15 This fluid, which contains cells from the baby, is sent to regional laboratory in Leeds and a result is usually available within 48 hours. Rarely technical difficulties mean it is not possible to obtain a sample, or the cells do not give a result, therefore a repeat sample may be needed. The miscarriage risk is around 0.5 1% (1 in ) and it is impossible to predict which pregnancies might be lost. It is stressed that neither amniocentesis nor CVS is an infallible test. There have been rare cases of the mother s cells being tested rather than the baby s. Similarly, a normal result does not guarantee a normal baby, as there are many other causes of disability, which are not detected by these tests. 15

16 Remember Screening tests only show the risk of Down s syndrome. A negative or lower risk result does not guarantee that the baby will not have Down s syndrome just as a positive, or higher risk result does not mean that the baby has Down s syndrome. Diagnostic tests can confirm Down s syndrome almost 100% accurately, but they do carry a risk of miscarriage. Whether you choose to accept or decline testing you will be fully supported in your decision. 16

17 For more information, you can contact: Camilla Picknett, Antenatal Screening & Newborn Screening Coordinator for York Teaching Hospital NHS Foundation Trust. Clare Hodgson, Support Screening Midwife (York) Jolene Boyce, Support Screening Midwife (Scarborough) Telephone The York Hospital: (01904) Scarborough Hospital: (01723) Alternatively, refer to the leaflet: Screening tests for you and your baby provided by your community midwife. Other useful organisations are: Antenatal Results and Choices, Tel: ( Down s Syndrome Association, Tel: ( 17

18 Supervisors of Midwives Supervisors of Midwives are midwives who have undertaken additional training, whose aim is to give guidance and support to both midwives and women to ensure that the care offered is right for you and is given in the right place, by the right person and that it will benefit you and your baby (NMC 2009). Supervisors of Midwives are available to discuss any aspect of your maternity care that may be of concern to you. You can contact us by phoning: York: or Scarborough: or Please ask for the Supervisor of Midwives on call. 18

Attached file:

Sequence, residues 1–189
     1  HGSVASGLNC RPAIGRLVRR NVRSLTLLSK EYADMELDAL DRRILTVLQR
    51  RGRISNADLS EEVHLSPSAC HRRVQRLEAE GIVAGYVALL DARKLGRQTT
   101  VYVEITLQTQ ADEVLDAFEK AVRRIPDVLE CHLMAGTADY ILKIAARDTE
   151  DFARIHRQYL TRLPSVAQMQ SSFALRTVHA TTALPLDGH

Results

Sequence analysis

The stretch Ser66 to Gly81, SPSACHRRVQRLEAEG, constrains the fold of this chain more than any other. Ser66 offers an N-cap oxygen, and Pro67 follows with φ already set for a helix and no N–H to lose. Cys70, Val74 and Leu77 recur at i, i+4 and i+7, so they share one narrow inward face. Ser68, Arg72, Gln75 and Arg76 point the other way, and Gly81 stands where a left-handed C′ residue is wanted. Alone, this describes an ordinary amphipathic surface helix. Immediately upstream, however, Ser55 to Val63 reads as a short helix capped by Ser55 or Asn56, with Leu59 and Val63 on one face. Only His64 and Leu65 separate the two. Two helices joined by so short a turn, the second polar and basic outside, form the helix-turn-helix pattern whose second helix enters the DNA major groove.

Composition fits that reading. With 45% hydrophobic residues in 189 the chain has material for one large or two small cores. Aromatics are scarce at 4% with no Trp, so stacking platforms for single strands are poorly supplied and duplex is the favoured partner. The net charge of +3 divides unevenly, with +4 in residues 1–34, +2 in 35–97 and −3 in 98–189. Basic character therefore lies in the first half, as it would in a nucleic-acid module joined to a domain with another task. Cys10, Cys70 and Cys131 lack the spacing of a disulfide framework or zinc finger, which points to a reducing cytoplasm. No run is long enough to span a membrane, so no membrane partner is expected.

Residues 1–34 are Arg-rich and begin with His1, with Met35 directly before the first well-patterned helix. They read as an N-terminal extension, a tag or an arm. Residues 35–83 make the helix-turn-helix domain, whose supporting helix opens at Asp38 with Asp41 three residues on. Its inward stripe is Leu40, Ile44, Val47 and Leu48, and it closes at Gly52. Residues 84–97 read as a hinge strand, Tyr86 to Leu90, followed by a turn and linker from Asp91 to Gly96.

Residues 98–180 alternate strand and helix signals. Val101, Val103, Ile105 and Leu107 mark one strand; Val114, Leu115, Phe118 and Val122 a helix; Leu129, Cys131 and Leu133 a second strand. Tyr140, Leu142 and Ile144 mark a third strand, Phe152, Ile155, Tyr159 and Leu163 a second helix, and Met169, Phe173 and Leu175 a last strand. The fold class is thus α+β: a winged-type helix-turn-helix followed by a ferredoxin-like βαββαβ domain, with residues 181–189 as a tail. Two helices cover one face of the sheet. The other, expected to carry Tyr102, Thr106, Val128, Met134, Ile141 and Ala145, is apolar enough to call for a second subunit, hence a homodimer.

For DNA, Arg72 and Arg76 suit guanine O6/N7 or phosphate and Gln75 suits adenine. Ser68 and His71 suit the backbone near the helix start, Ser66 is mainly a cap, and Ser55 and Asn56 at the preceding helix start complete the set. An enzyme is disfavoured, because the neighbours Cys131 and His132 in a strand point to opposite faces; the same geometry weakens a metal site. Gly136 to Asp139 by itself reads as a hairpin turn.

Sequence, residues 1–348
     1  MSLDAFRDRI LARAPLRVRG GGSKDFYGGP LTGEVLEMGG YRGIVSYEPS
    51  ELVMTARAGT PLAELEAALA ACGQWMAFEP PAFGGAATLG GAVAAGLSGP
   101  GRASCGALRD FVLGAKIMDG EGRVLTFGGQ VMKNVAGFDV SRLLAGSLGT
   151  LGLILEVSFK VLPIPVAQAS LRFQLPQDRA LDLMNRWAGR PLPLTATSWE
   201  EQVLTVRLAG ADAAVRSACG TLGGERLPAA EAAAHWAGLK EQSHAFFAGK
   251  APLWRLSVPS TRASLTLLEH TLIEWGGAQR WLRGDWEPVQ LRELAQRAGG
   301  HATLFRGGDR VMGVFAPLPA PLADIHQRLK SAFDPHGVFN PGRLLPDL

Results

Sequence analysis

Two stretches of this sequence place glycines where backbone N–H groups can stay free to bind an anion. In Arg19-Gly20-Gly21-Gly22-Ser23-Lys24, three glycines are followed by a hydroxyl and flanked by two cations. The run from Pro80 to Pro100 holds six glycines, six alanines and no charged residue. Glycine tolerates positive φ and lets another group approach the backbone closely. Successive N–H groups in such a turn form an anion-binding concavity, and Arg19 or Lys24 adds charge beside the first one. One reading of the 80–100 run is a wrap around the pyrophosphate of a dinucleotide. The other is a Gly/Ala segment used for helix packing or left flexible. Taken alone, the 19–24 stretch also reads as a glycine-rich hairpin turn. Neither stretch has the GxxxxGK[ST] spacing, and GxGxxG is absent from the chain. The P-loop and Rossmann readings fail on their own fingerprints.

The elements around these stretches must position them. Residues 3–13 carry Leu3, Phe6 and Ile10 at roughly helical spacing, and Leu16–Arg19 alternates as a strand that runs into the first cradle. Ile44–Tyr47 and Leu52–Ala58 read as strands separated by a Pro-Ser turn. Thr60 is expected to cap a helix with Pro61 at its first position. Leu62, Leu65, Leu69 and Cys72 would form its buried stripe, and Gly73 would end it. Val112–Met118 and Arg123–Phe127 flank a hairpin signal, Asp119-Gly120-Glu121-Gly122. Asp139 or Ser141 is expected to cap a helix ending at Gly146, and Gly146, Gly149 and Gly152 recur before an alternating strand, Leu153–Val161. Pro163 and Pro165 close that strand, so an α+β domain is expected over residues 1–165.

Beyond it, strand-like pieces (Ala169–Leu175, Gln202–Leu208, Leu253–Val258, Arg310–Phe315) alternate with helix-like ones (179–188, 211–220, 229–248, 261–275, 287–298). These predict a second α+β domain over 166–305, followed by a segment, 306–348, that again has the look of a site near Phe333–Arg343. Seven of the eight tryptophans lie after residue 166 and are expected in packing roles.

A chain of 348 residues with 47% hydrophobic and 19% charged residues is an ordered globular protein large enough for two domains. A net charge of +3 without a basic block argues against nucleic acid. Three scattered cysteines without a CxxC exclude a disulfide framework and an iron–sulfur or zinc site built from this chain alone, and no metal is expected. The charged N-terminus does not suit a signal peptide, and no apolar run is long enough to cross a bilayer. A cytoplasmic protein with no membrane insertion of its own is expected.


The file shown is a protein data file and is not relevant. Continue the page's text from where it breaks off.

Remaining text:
19 Tell us what you think We hope that you found this leaflet helpful. If you would like to tell us what you think, please contact Camilla Picknett, Antenatal & Newborn Screening Coordinator, The York Hospital, Wigginton Road, York, YO31 8HE or telephone Teaching, Training and Research Our Trust is committed to teaching, training and research to support the development of staff and improve health and healthcare in our community. Staff or students in training may attend consultations for this purpose. You can opt-out if you do not want trainees to attend. Staff may also ask you to be involved in our research. Patient Advice and Liaison Service (PALS) Patients, relatives and carers sometimes need to turn to someone for help, advice or support. Our PALS team is here for you. PALS can be contacted on , or via at An answer phone is available out of hours. 19

20 Owner Camilla Picknett, Antenatal & Newborn Screening Coordinator Mr D Dwyer, Consultant Obstetrician and Gynaecologist Date first issued November 2003 Review Date September 2017 Version 10 (issued October 2015) Approved by Obstetric and Gynaecology Clinical Governance Group Document Reference PI 228 v York Teaching Hospital NHS Foundation Trust. All Rights reserved.